@irina Wow, thank you for taking the time to share all that you did with me. I found Georges Seurat's art really interesting, and Raymond Briggs has such a cheery feel to his art that it was great to spend some time perusing his work. Also, what awesome miniatures! My favorite miniaturist that I've come across so far is Lorraine Loots who creates a collection called "Paintings for Ants". https://lorraineloots.com/
    The idea of some narrative pieces showing the same characters is great, and I'll definitely work on that as you suggested. Thank you for the hugs and encouragement and the excellent portfolio advice. This has me thinking about what small steps I can take.

    @jcantwellart Thanks so much for your opinion. It seems like watercolor is the direction I need to push to see what doors open next.

    @DOTTYP Thank you so much for taking the time to share your opinion. I'm feeling more watercolor projects coming my way. πŸ™‚

    @Whitney-Simms Thanks so much, Whitney, for your suggestions. I think your advice about filling out a more consistent portfolio in one or both mediums is very helpful. Good call about Lee's comment on color. I remember something like that from the podcast, and I'm glad you brought it up. Sometimes graphite is fun because color isn't part of the process, but I need to push myself to get better at colors. Thanks again! Your watercolors are beautiful, by the way!



  • @kathrynadebayo said in Where am I going with illustration? Insights appreciated...:

    This can be a time to focus on learning.

    What i'm finding useful in the process of learning is keeping a learning journal. A notebook in which i write down my findings and insights i found or challenges i came across and how i think to tackle them during working on a particular piece (whether singular piece or a bigger project). It makes me more aware of my process and aware of areas i find difficulty in or anxieties about etc and i can also think of ways to approach things, or how to overcome blockages or how to organize steps etc. I find it very useful and it has given me lots to be aware of and think about. so my work can be more deliberate and not chaotic
    (i am VERY chaotic :)))

    This can be a time to build a portfolio.(though something in me doesn't like making things just for a portfolio's sake - they need to have at least a secondary purpose. So I'll have to figure that out...)

    One idea for that is to join a challenge on instagram or elsewhere. Like that you do get a brief and a tme constraing, you also have an audience and fellow illustrators working in the same time so you don't feel like you are working all alone on stuff and you also have publishing. #folktaleweek on instagram for example has been great, shorter than inktober for example or 356 days of art so it was challenging, fast and good to do. For me longer chanllenges are, well, challenging because it's easier to fall out from working on it and finishing it. A challenge also gets views so yay πŸ™‚ At the end of the challenge you also have a small series of something that can turn into prints on society6 or whatever. or become a springboard for a bigger book. you can also have a common theme or focus during a challenge. either a general story that the individual prompts are focused on or you can focus on a certain aspect. for example with inktober you can not do the prompts but focus on improving inkdrawing and working on drawing animals for example. or whatever.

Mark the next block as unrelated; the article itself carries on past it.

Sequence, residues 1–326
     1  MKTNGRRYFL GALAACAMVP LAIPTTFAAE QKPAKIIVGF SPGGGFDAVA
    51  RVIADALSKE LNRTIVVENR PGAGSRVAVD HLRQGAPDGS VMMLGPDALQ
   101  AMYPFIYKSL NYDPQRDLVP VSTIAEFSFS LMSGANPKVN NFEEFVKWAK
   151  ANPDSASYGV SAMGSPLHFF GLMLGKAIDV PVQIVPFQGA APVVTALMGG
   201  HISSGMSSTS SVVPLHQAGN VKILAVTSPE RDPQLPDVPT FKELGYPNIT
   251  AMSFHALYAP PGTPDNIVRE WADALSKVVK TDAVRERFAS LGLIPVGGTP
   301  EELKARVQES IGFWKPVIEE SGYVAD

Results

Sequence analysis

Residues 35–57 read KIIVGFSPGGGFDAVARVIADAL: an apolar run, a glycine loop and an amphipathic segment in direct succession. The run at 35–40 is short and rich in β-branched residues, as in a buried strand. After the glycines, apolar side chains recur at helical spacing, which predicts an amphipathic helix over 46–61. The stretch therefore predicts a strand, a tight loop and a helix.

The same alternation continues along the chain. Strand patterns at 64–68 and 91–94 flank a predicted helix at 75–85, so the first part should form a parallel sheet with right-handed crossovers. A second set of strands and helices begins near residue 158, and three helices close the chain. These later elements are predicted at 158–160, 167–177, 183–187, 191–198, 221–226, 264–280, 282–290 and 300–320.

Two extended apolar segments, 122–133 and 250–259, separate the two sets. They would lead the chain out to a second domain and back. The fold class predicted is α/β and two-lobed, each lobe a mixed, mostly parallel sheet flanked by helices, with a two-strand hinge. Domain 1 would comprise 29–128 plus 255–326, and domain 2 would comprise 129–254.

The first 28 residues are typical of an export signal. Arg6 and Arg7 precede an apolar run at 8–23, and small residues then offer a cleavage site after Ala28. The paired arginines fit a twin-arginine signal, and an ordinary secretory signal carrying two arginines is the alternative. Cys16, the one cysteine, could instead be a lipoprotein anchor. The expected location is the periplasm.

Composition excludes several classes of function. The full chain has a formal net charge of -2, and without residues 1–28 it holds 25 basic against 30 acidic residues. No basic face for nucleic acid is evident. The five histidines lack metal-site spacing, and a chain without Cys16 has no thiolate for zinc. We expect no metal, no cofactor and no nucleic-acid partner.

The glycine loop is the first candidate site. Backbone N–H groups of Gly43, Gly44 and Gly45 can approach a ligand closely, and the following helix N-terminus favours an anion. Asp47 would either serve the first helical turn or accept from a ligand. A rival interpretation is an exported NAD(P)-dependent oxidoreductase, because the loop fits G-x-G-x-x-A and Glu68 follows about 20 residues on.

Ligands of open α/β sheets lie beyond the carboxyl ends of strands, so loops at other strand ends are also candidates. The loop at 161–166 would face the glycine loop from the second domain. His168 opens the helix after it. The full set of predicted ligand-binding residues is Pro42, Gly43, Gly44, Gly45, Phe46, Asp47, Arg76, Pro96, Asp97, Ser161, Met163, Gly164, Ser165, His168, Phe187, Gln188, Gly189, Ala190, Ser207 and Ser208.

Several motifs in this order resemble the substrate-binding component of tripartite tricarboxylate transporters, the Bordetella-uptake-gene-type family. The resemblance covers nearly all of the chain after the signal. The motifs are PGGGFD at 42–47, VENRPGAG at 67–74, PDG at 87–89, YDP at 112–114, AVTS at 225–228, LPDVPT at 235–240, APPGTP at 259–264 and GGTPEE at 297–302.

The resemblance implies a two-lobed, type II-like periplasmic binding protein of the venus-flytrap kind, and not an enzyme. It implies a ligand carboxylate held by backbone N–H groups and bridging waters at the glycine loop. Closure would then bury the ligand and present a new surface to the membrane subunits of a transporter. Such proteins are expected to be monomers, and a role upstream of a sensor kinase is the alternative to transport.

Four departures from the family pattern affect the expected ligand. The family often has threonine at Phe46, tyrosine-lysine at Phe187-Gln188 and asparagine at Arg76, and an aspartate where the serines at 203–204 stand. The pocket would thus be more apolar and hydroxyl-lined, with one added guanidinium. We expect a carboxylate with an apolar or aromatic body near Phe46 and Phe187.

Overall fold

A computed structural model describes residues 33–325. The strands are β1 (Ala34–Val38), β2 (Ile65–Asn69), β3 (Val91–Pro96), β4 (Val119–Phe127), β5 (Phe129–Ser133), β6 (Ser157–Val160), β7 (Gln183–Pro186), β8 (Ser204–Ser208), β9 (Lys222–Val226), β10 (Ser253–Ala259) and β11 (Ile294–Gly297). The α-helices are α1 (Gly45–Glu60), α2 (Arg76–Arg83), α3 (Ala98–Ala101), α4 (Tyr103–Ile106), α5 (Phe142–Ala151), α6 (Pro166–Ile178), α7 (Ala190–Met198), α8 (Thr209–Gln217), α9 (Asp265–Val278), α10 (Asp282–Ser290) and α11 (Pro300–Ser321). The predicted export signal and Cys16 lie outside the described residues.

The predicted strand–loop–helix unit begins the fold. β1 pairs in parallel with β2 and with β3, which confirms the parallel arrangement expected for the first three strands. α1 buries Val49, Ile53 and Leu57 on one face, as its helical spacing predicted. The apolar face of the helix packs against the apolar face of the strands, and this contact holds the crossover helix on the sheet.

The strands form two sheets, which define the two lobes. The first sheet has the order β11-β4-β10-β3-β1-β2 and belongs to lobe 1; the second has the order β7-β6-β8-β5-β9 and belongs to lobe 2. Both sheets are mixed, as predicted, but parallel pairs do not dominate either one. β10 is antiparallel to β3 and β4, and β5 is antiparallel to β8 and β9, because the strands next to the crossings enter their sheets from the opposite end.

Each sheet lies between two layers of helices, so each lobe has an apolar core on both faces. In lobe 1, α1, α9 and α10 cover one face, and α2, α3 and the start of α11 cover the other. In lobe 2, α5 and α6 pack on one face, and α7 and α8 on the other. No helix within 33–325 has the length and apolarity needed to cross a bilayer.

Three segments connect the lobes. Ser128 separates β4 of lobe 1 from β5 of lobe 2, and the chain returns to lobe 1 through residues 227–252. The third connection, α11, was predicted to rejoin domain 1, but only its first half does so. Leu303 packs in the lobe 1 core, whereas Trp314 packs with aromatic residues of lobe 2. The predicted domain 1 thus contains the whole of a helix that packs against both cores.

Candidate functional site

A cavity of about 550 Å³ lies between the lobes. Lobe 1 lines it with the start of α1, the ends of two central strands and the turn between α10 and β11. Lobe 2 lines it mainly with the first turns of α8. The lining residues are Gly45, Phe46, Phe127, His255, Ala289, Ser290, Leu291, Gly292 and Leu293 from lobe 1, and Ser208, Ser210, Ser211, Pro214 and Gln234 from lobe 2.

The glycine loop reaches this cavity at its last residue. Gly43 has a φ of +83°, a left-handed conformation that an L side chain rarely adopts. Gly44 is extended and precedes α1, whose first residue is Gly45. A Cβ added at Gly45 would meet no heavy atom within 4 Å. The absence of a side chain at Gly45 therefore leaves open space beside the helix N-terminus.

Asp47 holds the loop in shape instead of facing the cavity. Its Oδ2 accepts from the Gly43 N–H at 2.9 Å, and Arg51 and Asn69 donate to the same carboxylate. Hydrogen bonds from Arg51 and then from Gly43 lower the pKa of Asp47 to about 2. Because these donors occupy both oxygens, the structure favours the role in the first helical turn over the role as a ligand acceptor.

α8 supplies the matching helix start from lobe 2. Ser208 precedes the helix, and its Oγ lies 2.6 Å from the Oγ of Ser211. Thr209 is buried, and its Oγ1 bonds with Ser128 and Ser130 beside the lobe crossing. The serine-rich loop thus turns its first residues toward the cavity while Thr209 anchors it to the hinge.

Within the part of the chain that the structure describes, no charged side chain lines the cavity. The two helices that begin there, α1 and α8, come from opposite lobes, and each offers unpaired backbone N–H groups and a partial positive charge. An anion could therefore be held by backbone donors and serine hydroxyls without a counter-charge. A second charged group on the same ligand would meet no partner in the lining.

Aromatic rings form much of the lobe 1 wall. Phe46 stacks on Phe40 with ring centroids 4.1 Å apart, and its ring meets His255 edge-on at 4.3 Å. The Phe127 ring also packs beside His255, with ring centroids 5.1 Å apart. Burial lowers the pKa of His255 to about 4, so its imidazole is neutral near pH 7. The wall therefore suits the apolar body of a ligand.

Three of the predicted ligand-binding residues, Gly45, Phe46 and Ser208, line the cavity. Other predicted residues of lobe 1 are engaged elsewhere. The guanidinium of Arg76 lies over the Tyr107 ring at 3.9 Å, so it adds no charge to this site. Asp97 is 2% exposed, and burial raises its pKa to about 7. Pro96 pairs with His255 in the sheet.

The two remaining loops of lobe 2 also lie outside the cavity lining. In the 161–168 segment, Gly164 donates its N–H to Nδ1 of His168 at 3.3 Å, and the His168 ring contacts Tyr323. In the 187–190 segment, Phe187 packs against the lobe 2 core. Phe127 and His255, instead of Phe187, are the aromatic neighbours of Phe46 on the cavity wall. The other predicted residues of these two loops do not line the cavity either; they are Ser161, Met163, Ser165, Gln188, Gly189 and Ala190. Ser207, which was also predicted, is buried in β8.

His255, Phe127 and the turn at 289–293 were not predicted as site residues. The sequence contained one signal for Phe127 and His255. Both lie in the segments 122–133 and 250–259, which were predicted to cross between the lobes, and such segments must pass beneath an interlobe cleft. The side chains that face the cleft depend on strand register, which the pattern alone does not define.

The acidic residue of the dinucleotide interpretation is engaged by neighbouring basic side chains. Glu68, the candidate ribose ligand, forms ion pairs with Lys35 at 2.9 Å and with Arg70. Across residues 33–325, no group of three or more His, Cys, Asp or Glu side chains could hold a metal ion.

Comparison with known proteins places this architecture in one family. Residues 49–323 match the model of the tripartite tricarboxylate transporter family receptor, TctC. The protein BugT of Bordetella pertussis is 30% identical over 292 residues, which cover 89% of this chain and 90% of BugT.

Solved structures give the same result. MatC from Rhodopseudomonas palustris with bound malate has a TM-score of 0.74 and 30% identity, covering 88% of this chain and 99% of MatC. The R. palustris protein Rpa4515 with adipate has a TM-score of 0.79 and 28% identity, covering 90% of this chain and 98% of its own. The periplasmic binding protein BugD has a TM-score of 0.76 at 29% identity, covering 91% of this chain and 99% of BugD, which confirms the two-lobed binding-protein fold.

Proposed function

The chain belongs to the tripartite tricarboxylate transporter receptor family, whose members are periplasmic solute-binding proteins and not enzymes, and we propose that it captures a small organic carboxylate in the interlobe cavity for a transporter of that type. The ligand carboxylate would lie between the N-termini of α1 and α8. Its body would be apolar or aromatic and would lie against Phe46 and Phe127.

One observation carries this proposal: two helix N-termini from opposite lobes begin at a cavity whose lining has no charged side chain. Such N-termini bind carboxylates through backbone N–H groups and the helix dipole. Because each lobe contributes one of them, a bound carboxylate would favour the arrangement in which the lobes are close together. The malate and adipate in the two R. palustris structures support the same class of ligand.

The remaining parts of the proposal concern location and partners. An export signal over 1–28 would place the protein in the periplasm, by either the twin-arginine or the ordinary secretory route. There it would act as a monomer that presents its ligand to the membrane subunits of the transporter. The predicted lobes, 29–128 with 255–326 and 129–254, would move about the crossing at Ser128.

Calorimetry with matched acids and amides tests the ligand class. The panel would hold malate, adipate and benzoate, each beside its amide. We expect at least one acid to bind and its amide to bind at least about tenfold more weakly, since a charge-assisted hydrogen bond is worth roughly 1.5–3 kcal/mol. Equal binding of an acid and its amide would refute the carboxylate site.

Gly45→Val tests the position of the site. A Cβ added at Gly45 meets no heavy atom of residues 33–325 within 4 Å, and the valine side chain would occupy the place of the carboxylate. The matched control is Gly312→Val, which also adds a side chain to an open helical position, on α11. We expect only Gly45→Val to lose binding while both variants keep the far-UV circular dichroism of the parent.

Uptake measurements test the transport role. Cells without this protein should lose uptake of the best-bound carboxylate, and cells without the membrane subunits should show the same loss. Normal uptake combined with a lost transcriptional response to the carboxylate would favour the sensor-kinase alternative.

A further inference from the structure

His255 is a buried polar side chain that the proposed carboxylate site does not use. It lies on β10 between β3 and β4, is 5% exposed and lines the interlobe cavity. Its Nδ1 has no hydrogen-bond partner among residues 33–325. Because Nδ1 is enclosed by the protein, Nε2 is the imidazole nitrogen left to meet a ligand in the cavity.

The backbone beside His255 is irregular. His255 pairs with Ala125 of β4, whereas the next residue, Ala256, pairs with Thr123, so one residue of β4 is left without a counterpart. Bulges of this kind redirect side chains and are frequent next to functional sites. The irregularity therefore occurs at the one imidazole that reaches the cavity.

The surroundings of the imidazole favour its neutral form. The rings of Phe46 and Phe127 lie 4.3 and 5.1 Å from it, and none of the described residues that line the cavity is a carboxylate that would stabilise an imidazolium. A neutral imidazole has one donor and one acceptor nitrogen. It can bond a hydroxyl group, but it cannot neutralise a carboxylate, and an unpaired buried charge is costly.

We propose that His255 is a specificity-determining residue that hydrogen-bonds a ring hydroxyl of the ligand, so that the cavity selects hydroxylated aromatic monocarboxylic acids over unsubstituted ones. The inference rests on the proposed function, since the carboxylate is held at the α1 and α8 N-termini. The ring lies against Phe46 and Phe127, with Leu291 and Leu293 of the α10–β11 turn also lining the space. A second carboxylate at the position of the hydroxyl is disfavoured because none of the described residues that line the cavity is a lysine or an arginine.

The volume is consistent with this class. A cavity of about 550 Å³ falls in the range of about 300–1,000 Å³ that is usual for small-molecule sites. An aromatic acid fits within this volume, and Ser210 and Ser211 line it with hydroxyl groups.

Although graphite is fun for me, I think part of that is because color isn't involved. (Colors are hard for me.) I'd like to try diving deeper into watercolors and seeing if a more consistent style and body of work emerges.

    A lot of art students in illustration are encouraged to work in a limited palette and experiment with that as well. start with monochrome, then do 2 colors, 3 colors etc. Also, in the same vein, lookt at the Zorn pallette (after the painter Andres Zorn). Lisa Congdon also had a huge project only with blue. Sometimes limiting ourselves and taking it slowly from small to big is useful.

    On Schoolism there's also a great course called Painting with light and color and it's fantastic. on SVS there are as well but i haven't managed to do one yet. After i move to my new home and have money again i definitely want to take on some courses on svs

    There's hope for the future, and it's worthwhile to keep plugging along, even though it's a struggle to find my footing as both an illustrator and a parent. Now if only I could remember to tell myself that every day (and then have the strength to believe it). I imagine that other mothers feel me here. Best wishes to all of you!

    ❀ ❀ ❀ All mamas are heroes. Best wishes to you too πŸ™‚



  • @irina I really like the idea of a learning journal. That could help me a lot.


  • SVS OG

    @kathrynadebayo I use the DayOne app for this. Everyday I export my work of working digitally or take a photo of working traditionally and make notes to
    myself about the work. Seeing the progress gives me a different perspective on it.



  • @demotlj oh cool, I'll have to look into that! Thanks for sharing your suggestion! I'm really intrigued by how other people stay organized and motivated.